As the winter sunshine crept across the tatami, our hostess, tea master Masumi Kirihata, performed the elegant, precise steps of the Omotesenke tea ceremony.
It was December 2015, and Kirihata (whose tea name is Koshi Soushin) performed the traditional tea ceremony for our small group there in Kyoto, describing each step and utensil in detail as well as a description of the tea room itself.
I had booked the experience through Tea Ceremony Ju-an, and my fellow participants and I also had the chance to perform our own small tea ceremony. We ceremonially cleaned and prepared the chashaku (bamboo tea scoop), whisk and tea bowl and whisked the Uji matcha.
Beginning the Tea Ceremony Journey
My next experience with the tea ceremony came in 2016 near Kinkakuji Temple in Kyoto, where I was one of two chosen to perform the tea ceremony and serve guests tea that I had prepared. In December 2018, I had the chance to participate in an Omotesenke tea ceremony at Tokyo Metropolitan Teien Art Museum’s beautiful Koka teahouse, an Important Cultural Property.
In March 2019, I enrolled in a class through Kamakura Mind. On the first day, we shaped our tea bowls and practiced the tea ceremony (how to enter the teahouse, how and where to be seated, bowing to the tea master and guests, receiving and passing the sweets, preparing utensils and making the tea).
One month later, I rented a stunning kimono from Kimono Kuroudo Miyamoto and made my way to Houan teahouse near Jochiji in Kita-Kamakura. As we performed each step of the tea ceremony to the songs of Japanese songbirds, I felt a deep sense of gratitude and connection to this ritual that has defined Japanese culture for hundreds of years.
After receiving the tea bowl that I’d made, I invested in a Japanese tea cabinet, a chadansu, which is designed to display and store tea ceremony bowls and utensils. Most recently, I had the chance to visit Uji and participate in an Urasenke lesson at Taiho-an teahouse in Uji.
Learning the Japanese Tea Ceremony
Studying and performing the tea ceremony is closely linked to the study and practice of Zen. I find that following each step is a form of moving meditation that clears the mind and helps me to focus. The teahouse emphasizes both impermanence and appreciation of the seasons through the changing hanging scrolls, seasonal flowers, tea bowls and seasonal sweets as well as the surrounding nature. The Zen concept of “Ichigo Ichie” (a once-in-a-lifetime encounter) guides both the tea host and guests and carries over to life outside the teahouse through expressing gratitude, cherishing each meeting and focusing intensely on the present moment.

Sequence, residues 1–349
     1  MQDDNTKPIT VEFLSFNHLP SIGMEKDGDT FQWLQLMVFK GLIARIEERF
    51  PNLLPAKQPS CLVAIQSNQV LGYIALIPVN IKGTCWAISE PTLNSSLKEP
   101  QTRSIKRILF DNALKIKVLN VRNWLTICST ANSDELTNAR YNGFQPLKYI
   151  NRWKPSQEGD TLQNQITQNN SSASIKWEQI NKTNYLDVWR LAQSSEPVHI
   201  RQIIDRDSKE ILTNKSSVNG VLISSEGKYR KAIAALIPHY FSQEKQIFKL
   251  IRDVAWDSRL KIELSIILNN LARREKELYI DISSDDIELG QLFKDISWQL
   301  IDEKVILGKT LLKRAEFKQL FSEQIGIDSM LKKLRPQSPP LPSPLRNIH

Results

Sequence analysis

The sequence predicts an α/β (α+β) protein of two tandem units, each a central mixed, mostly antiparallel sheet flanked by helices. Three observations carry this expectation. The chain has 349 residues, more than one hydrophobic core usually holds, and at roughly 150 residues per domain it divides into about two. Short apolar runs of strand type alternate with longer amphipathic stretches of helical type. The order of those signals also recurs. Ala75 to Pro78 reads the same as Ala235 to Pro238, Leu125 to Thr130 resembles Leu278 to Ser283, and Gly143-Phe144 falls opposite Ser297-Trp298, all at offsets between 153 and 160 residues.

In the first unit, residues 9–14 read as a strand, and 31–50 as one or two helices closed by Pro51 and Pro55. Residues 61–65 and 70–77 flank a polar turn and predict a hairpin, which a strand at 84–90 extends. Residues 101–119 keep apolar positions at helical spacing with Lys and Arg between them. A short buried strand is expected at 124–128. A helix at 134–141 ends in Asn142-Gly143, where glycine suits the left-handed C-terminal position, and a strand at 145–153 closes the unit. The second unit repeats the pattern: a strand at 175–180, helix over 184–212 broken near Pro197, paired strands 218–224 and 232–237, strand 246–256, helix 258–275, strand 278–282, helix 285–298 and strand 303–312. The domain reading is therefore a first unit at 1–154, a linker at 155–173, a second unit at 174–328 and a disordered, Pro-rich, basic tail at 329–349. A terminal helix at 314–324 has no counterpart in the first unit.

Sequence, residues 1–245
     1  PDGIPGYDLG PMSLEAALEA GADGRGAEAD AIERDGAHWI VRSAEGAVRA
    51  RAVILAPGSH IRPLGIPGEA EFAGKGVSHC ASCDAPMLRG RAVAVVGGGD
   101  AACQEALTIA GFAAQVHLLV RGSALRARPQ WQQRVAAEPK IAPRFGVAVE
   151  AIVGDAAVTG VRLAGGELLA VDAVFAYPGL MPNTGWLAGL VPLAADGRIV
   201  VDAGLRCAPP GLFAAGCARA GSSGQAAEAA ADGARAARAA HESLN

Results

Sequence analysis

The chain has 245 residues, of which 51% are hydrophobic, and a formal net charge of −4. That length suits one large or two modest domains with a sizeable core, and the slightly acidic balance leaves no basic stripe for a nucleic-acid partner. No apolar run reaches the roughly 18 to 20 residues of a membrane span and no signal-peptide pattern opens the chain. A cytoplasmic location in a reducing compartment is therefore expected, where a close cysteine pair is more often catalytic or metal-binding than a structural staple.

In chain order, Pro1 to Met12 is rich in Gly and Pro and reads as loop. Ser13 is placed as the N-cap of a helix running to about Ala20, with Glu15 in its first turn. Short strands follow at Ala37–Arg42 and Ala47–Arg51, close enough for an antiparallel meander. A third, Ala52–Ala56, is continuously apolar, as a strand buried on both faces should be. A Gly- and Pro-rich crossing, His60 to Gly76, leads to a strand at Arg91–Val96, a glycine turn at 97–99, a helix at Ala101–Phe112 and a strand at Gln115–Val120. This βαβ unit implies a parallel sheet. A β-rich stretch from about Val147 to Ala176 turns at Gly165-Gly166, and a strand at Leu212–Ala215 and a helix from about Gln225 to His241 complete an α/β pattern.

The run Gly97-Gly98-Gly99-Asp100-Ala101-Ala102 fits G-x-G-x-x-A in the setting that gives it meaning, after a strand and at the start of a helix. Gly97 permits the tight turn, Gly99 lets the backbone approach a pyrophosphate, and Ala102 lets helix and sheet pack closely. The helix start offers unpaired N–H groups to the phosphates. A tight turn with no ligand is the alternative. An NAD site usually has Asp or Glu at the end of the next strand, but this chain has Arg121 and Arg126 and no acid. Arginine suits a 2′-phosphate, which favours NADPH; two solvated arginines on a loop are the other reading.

It is impossible to overestimate the importance of tea in Japanese culture. Not simply a beverage, the rituals of green tea go back hundreds of years and have had an enormous impact on Japanese architecture, cuisine, ceramics and classical arts. Uji (near Kyoto) has been Japan’s tea capital for 800 years, where you can visit tea plantations and shops that have been in business for centuries, as well as sample Uji’s refined tea cuisine.
Ritual tea-drinking was first practiced in Japan during the Kamakura period (1192–1333) by the monk Eisai, who introduced Rinzai Zen Buddhism to Japan. Eisei brought powdered green tea back from China, and his interest in tea was passed on to his disciple Dogen, founder of the Soto sect of Zen. When Dogen returned from studying in China, he brought back many Chinese tea utensils and gave instructions for tea ceremonies in the rules he created for head Soto Zen temple Eiheiji in Fukui Prefecture.
Appreciation of tea expanded from temples to include the warrior class. Early tea gatherings included contests, alcohol and gambling, along with showing off expensive tea utensils imported from China. As time passed, elements from these early gatherings simplified and evolved into the tea ceremony (chanoyu or sado, the “way of tea”) practiced today.
The History of Japanese Tea Ceremony
Three individuals had a great deal of influence on the development of the Japanese tea ceremony. Murata Shuko (1422–1503) was a Zen priest who embraced the concept that the preparation and drinking of tea could lead to enlightenment. Murata’s tea aesthetic found beauty in the imperfect and impermanent (wabi sabi) and in the simple objects of everyday life. Next, Takeno Joo (1502–55) simplified the tearoom preferred by Murata and used unpretentious settings with simple utensils. Takeno Joo’s star pupil was Sen no Rikyu (1522–91), whose innovations in the art of tea incorporated elements of his Zen training at Daitokuji Temple.
Today, there are over 30 schools of tea currently practiced in Japan, with the largest being descendants of Sen no Rikyu’s lineage. Although the tea ceremony using matcha is the most well-known, separate tea ceremonies also evolved for other different types of tea as well. You can experience tea ceremonies for sencha and gyokuro teas at Taiho-an teahouse in Uji with advance reservations.
Whether you’re visiting Japan or are a resident, it is well worth seeking out your own tea ceremony experience to discover the magic and Zen of tea for yourself.
Feature photo by dach_chan / Shutterstock.com